America needs a party committed to morals and then markets, not markets over morals. Like Reagan, we want a government small enough to stay out of our way, but big enough to keep evil doers abroad and at home out of our lives. We know that foreign governments are often left a threat than the graft of big business in bed with big government.

Republicans are more concerned, or should be more concerned, about subsidies to plutocrats than to people. The safety net is of the widow, orphan, the poor, the sick, not tycoons.  Whatever their flaws, people like Mike Huckabee and Rick Santorum got this balance right in office.

We are a party that concedes too many districts and voting blocks to the Democrats. We may not win them for decades, but the national party must see that even the bluest district has a decently funded GOP candidate. We want to be a choice, not an echo, but in big parts of the country we are making no noise at all.

We may not win Compton or inner city Houston tomorrow, but we should begin trying now.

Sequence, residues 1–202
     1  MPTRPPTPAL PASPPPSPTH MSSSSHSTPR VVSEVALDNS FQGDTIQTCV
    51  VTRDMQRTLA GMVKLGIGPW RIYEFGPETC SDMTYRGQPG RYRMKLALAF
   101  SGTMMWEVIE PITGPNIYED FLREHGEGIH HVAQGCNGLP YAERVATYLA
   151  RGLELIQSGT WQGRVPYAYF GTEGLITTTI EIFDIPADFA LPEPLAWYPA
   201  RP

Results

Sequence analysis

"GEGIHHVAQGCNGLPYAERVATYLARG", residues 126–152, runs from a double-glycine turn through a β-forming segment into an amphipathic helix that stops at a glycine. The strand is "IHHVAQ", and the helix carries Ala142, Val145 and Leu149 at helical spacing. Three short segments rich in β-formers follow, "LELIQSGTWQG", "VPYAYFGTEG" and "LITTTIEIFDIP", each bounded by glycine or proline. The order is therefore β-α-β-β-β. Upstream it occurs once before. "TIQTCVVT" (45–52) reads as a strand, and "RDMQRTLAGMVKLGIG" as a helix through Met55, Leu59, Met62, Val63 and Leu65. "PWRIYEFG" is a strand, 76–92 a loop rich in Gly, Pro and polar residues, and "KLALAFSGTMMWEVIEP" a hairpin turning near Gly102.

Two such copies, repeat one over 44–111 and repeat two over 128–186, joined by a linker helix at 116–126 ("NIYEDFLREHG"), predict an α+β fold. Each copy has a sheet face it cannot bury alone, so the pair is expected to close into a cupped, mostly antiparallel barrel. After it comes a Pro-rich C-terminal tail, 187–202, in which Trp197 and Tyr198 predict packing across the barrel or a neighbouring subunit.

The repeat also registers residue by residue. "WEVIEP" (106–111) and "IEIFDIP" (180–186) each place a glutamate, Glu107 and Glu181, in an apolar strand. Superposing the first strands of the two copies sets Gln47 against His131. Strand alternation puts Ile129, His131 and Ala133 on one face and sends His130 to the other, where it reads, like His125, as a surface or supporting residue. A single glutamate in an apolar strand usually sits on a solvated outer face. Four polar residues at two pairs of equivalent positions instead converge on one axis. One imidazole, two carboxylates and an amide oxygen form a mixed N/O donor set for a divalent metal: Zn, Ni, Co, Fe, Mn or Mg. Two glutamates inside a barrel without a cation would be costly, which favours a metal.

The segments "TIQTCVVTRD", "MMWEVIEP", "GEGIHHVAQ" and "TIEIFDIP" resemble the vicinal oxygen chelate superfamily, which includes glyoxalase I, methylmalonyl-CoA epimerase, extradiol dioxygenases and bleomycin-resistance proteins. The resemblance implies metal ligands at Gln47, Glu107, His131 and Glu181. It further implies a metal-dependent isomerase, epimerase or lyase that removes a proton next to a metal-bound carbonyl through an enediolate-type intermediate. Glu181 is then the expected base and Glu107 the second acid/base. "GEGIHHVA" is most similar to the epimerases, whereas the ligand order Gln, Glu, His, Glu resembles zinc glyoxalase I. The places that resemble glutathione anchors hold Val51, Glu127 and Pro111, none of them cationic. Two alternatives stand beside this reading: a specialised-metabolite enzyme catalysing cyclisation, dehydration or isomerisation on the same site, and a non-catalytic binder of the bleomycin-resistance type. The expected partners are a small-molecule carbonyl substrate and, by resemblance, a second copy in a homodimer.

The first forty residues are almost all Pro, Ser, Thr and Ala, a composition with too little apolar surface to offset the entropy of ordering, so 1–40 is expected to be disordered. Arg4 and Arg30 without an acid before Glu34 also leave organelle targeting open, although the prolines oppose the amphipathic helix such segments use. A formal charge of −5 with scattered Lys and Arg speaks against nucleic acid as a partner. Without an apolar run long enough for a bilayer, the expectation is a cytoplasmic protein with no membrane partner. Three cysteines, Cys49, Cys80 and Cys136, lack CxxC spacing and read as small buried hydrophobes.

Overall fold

What does it profit us long term to win a narrow majority in the House, based on a minority of total votes cast?

The government shutdown was a failed strategy that never had much chance of success. When it was attempted, it needed to be maintained. Instead, we stared what we could not finish and declared victory to ourselves and went home.

Ted Cruz is better than that or better be if he aspires to national leadership. Mr. Cruz is a good man, a smart man, and he won my vote, but his strategy failed and he seems to be unaware of the consequences of that failure.

Obamacare and the rollout are disasters, but the leadership of the Republican Party stepped on that failure by starting a war they had no intention of winning. Fight Obamacare? Of course, but fight it with a hope for victory. Better a long term strategy that might work, than a noisy doomed strategy.

Nobody won the trench warfare of World War I and nobody wins in a government shutdown without any strategy for victory that does not count the great cost wearing away the strength of the nation in endless political fighting.

We have debt: we must fight to pay it.

We have moral decay: we must pray for repentance.

We can be bold in our goals, but take the long view in our tactics.

Instead, the GOP is consumed with day-to-day tactics, the next election, and pandering to people, like me, who will already vote for them.

It is unworthy of a party that once dared to nominate James Garfield: scholar, war hero, preacher, and sage.

I am not a Democrat, because I am pro-life, pro-marriage, and pro-free markets, but a pro-life, pro-marriage, pro-free market party that will not make the case for these values, is inarticulate in the face of opposition, or chooses apocalyptic thinking over long term strategy is also unworthy of a free man’s vote.